For maximum parsimony, Fitch's method seems simple and intuitive, and can be done in the R phangorn package: Fitch, Walter M. (1971). "Toward Defining the Course of Evolution: Minimum Change for a ...
Jay Moore's user avatar
  • 1,012
2 votes
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Non-random access on a fastq file

You don't have a RAM problem because you only have about: 10-20 reads that I want to access from each file. Please go for (2). If you are concerned about RAM usage, you may selectively write some ...
SmallChess's user avatar
  • 2,729
2 votes
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How is consensus alignment for OLC assembly usually implemented?

For short reads, mainstream assemblers don't have a consensus step. The contig path directly spells the consensus sequence. For long reads, the most popular way to derive a consensus is via partial-...
user172818's user avatar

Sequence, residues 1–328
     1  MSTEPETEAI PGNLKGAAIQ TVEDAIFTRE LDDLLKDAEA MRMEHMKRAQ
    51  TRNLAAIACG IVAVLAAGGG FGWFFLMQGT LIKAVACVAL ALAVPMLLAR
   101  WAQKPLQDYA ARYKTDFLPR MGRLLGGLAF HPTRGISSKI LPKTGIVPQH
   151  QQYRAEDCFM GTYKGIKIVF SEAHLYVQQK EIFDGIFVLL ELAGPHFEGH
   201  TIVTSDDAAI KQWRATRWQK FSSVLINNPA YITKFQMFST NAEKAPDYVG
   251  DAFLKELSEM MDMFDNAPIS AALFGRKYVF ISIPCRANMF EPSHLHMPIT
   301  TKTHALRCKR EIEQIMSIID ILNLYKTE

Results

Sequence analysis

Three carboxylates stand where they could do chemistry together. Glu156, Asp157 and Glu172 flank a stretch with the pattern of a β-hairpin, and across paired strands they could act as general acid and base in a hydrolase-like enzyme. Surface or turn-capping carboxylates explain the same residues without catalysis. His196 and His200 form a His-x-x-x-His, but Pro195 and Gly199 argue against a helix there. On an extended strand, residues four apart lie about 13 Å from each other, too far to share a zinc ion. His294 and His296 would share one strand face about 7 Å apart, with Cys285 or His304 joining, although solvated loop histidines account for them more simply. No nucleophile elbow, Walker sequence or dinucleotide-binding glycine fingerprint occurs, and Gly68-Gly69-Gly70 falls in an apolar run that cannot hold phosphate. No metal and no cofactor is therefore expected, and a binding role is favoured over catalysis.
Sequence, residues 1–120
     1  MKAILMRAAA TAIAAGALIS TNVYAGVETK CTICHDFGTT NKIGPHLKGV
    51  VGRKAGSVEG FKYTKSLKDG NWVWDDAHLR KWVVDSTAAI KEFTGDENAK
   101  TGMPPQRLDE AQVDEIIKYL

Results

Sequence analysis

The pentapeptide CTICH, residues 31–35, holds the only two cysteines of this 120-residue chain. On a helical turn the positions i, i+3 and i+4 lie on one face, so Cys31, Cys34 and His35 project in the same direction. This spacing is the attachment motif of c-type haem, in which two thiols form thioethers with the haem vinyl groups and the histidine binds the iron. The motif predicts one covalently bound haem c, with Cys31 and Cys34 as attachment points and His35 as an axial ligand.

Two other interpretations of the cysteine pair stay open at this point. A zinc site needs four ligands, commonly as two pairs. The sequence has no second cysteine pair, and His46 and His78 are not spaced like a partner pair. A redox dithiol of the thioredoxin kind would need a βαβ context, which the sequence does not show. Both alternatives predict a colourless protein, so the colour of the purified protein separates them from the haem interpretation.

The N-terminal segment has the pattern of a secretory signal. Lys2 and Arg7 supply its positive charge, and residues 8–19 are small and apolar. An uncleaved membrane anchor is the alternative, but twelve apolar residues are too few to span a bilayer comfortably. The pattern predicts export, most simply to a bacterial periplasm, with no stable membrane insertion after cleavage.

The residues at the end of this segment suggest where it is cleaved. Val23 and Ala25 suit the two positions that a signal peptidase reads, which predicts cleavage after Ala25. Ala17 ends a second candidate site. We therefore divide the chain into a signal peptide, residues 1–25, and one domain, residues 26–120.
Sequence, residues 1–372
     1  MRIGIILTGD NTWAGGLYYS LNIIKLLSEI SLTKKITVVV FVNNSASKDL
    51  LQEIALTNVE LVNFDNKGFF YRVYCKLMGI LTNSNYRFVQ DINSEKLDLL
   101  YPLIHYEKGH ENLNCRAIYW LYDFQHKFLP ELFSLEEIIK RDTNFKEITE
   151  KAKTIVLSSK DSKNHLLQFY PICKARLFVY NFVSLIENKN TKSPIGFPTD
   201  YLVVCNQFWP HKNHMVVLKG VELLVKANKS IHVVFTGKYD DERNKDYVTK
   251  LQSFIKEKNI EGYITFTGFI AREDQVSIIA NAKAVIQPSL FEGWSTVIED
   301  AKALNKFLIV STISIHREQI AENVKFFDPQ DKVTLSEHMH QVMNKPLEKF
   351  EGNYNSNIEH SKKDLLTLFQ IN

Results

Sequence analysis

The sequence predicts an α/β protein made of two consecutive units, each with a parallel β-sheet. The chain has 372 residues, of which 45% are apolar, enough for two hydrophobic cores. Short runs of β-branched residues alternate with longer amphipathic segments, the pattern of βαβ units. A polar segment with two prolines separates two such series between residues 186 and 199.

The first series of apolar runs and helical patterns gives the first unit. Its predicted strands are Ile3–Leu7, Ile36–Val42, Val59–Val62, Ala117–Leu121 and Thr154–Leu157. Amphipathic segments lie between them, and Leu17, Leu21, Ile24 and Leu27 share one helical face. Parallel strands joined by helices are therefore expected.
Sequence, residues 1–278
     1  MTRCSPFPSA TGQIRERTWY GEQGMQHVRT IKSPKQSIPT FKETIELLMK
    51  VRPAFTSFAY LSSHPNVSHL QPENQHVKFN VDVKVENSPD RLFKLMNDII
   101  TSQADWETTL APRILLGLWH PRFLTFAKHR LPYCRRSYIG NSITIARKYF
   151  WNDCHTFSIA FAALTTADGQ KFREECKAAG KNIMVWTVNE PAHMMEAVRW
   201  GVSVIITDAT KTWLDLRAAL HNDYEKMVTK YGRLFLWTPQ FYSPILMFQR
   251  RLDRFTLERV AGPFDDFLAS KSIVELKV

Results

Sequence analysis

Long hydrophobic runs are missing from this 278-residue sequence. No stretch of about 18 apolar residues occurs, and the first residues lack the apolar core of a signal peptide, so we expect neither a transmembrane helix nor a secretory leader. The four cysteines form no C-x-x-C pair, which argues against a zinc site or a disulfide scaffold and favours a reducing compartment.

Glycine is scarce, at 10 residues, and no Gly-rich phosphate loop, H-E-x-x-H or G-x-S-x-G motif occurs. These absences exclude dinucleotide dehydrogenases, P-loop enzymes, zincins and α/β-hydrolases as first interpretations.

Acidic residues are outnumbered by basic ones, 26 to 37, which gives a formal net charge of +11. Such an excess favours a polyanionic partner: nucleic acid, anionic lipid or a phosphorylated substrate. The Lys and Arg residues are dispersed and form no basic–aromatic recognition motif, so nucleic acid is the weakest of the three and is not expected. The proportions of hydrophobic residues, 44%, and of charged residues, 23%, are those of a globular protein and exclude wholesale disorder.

• 6,575
2 votes

How do I interpret the function O(f^-2 log n) in Shekhar et al. (2017)?

Big O notation means "of the order of". Thus $\mathcal{O}(f^{-2} \log{n})$ means that the number of trees required goes with $\log{n}$ for number of species (i.e. if you square the number of genes, ...
Ian Sudbery's user avatar
  • 3,331
2 votes
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What are some of the major questions pursued by the field bioinformatics?

Welcome! Bioinformatics is just a term that describes an approach to doing biology. People who use ( DNA sequencing/genomics/protein informatics + programming ) to answer biological questions are ...
conchoecia's user avatar
  • 3,181
2 votes
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How does Li and Durbin's BWA paper compare alignment programs on real data?

For the simulated reads, they know exactly where the reads came from, because they are able to create that link at the time paired-end reads are generated from the genome. Those simulated reads would ...
gringer's user avatar
  • 14.7k